If you are a business owner in the midst of a family law proceeding, if you have plans to sell your business, or if you are in embroiled in a shareholder dispute, we’re sure you’re asking this question. If you are a legal or accounting professional with clients in this situation, you may be asking, “How do I best advise my clients at this time?”.
Covid-19 feels unique as our generation has never faced a pandemic of this scale. From an economic perspective, however, we have experienced shocks before, such as the financial crisis of 2008. It’s important to keep the long-term perspective in mind and remember that our economy has always recovered from past shocks.
While unknown factors remain, such as the timing of vaccines or the possibility or severity of second waves of infection, we know that life cannot remain on hold forever. We are working hard to understand the economic implications of Covid-19, provide clarity where possible, and continue to provide fair, independent conclusions to allow you and your clients to move forward.
To help you understand what to expect over the coming year, we’ve summarized the Government of BC’s current Restart Plan as this will dictate much of the economic activity happening in the province.
We note that at the time of publishing this article, BC had announced a four phase plan to reopen the economy ( https://www2.gov.bc.ca/gov/content/safety/emergency-preparedness-response-recovery/covid-19-provincial-support/bc-restart-plan).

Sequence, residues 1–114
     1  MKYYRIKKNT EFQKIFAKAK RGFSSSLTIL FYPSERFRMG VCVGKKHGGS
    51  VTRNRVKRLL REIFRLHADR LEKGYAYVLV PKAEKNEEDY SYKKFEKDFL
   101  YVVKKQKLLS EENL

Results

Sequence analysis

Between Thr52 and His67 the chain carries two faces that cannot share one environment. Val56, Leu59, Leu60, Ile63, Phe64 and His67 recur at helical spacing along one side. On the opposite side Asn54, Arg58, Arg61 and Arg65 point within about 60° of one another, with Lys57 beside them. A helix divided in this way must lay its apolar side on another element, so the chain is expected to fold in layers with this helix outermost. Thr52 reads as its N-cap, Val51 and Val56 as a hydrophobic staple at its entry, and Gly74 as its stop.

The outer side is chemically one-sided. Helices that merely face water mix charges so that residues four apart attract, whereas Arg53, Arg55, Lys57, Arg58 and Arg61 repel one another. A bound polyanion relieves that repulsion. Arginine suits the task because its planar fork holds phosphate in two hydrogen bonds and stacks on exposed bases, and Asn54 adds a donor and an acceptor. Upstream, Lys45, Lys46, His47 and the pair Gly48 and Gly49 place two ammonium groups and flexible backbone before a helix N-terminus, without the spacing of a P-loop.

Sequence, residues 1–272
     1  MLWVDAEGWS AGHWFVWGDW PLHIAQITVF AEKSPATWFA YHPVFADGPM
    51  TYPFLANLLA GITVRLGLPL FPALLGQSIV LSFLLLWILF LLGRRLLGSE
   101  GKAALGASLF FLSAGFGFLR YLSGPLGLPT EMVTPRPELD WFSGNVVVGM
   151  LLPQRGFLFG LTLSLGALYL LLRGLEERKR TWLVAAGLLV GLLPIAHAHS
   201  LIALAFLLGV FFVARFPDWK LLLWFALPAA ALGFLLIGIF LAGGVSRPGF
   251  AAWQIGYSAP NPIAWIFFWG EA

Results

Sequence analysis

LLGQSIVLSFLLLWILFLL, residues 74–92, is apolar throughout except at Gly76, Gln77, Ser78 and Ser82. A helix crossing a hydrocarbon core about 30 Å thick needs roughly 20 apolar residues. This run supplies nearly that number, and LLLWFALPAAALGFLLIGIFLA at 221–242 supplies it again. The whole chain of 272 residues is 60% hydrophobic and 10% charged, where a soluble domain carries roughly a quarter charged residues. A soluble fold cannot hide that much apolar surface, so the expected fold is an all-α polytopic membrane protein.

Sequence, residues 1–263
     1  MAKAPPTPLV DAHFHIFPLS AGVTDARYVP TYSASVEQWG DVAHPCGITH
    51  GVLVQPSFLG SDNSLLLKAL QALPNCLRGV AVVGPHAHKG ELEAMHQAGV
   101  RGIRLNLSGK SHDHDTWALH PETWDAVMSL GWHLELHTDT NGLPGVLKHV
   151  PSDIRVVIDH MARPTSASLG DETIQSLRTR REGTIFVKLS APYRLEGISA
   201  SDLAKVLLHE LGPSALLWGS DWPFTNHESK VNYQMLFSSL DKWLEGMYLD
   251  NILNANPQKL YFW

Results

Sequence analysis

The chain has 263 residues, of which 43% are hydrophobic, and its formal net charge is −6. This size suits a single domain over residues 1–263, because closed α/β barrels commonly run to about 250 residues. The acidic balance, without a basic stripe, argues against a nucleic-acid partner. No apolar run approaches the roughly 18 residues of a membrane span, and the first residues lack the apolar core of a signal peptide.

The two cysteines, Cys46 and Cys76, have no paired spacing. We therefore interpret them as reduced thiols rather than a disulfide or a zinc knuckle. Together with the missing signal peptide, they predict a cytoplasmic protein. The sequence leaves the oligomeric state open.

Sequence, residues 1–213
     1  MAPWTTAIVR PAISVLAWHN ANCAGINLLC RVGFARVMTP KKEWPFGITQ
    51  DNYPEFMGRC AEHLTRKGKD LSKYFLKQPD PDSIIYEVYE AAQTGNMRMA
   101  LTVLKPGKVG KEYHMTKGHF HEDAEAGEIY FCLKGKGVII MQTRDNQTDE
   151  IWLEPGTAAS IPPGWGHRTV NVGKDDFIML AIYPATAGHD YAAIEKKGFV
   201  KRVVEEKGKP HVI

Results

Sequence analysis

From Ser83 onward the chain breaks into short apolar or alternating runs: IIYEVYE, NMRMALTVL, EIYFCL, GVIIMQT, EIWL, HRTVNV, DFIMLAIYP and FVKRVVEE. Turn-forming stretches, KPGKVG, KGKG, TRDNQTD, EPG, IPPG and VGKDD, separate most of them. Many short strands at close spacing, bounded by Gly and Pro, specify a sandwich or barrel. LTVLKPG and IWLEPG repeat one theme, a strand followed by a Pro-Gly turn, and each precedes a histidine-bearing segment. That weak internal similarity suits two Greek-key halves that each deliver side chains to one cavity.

Phase 2 has already started which addresses the conditions around the reopening of most businesses. These businesses will need to have and implement a plan approved by WorkSafeBC to reduce the risks associated with Covid-19.
Phase 3 began in June and will continue if transmission rates remain low. Additional businesses excluded from reopening at Phase 2, including hotels, resorts, the film industry, and entertainment will be able to reopen with similar WorkSafeBC requirements. From a valuation perspective, Phase 2 and 3 are largely the same with the only difference being the specific businesses allowed to open in Phase 3.
Phase 4 will occur when a vaccine, “community” immunity, or broad, successful treatments are available. Phase 4 will allow the resumption of international tourism and large public gatherings, such as conventions, concerts, and sporting events.
In upcoming articles, we’ll share with you our thoughts on how Covid-19 is impacting the timing of valuations, the cash flows of businesses and other valuation considerations, as well as the tools available to deal with uncertainty.